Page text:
“You smell like pine needles,” I told him.
“I’ve had an invigorating run,” he said as Gordon passed him a red hair tie. Matthew cinched his long, dark hair before kissing his husband on the lips. “I missed you.”
“It’s been an hour,” Gordon said with a wry smile.
Matthew’s grin was full of warmth. “Even so, a run with my husband at my side is always preferable to one without.”
“Go shower,” Gordon said. “You really do smell like pine needles.”
Matthew took a deep breath. “I smell of manly smells,” he said, which caused Gordon to laugh.
I smiled; it was nice to see them both happy.
“You see how I am treated?” Matthew asked me. “An alpha, and my own husband mocks me.”
“Would you prefer if I got someone else to mock you?” Gordon asked.
“Remy isn’t busy,” I said.
Matthew’s eyes narrowed as he looked between us before a deep rumble of laughter burst from him. “I will go shower and change. Can I assume the wedding parties are still at one another’s throats?”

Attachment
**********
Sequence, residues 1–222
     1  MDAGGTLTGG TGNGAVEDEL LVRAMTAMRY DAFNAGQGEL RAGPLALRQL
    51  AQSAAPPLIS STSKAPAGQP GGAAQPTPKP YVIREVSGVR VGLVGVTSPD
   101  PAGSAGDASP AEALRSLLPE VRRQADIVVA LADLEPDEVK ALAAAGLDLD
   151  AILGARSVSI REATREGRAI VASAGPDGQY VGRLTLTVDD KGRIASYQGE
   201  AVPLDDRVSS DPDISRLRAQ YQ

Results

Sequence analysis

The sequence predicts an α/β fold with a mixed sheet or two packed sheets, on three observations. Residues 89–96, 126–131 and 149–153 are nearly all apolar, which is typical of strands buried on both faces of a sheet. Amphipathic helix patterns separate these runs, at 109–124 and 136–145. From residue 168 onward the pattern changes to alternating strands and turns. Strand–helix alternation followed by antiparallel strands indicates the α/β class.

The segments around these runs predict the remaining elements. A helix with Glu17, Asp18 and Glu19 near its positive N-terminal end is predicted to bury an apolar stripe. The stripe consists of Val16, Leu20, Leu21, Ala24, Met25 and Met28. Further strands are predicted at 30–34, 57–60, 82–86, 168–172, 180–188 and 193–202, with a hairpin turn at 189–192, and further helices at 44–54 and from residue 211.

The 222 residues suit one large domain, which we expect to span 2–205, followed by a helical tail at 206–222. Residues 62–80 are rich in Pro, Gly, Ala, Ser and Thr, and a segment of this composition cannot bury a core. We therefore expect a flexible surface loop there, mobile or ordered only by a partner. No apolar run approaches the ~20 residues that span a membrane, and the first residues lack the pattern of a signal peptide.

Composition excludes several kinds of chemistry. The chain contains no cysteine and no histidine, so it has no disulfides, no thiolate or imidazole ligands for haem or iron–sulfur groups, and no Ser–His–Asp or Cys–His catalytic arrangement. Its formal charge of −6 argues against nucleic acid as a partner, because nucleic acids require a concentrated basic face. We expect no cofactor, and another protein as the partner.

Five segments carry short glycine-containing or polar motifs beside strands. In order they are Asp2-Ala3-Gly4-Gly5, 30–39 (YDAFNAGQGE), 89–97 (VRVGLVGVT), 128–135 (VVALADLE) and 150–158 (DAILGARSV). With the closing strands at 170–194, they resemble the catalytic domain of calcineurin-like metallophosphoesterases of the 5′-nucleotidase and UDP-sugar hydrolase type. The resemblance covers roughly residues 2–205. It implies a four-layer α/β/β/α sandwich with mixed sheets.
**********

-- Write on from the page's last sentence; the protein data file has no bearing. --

I nodded. “I think some of the guests went to explore the realm instead, but basically, yes. It’s going to be a long weekend.”
Matthew sighed. “I was hoping they would be able to act as adults for a few days.”
“To be fair, it was only two of them when I left, although someone came in at the last minute and started shouting at everyone.”
“Ah, that would probably be Sven, one of the werelion alphas,” Gordon said. “Sven is not known for suffering fools gladly, and he’s more interested in keeping the peace than he is in getting into petty squabbles.”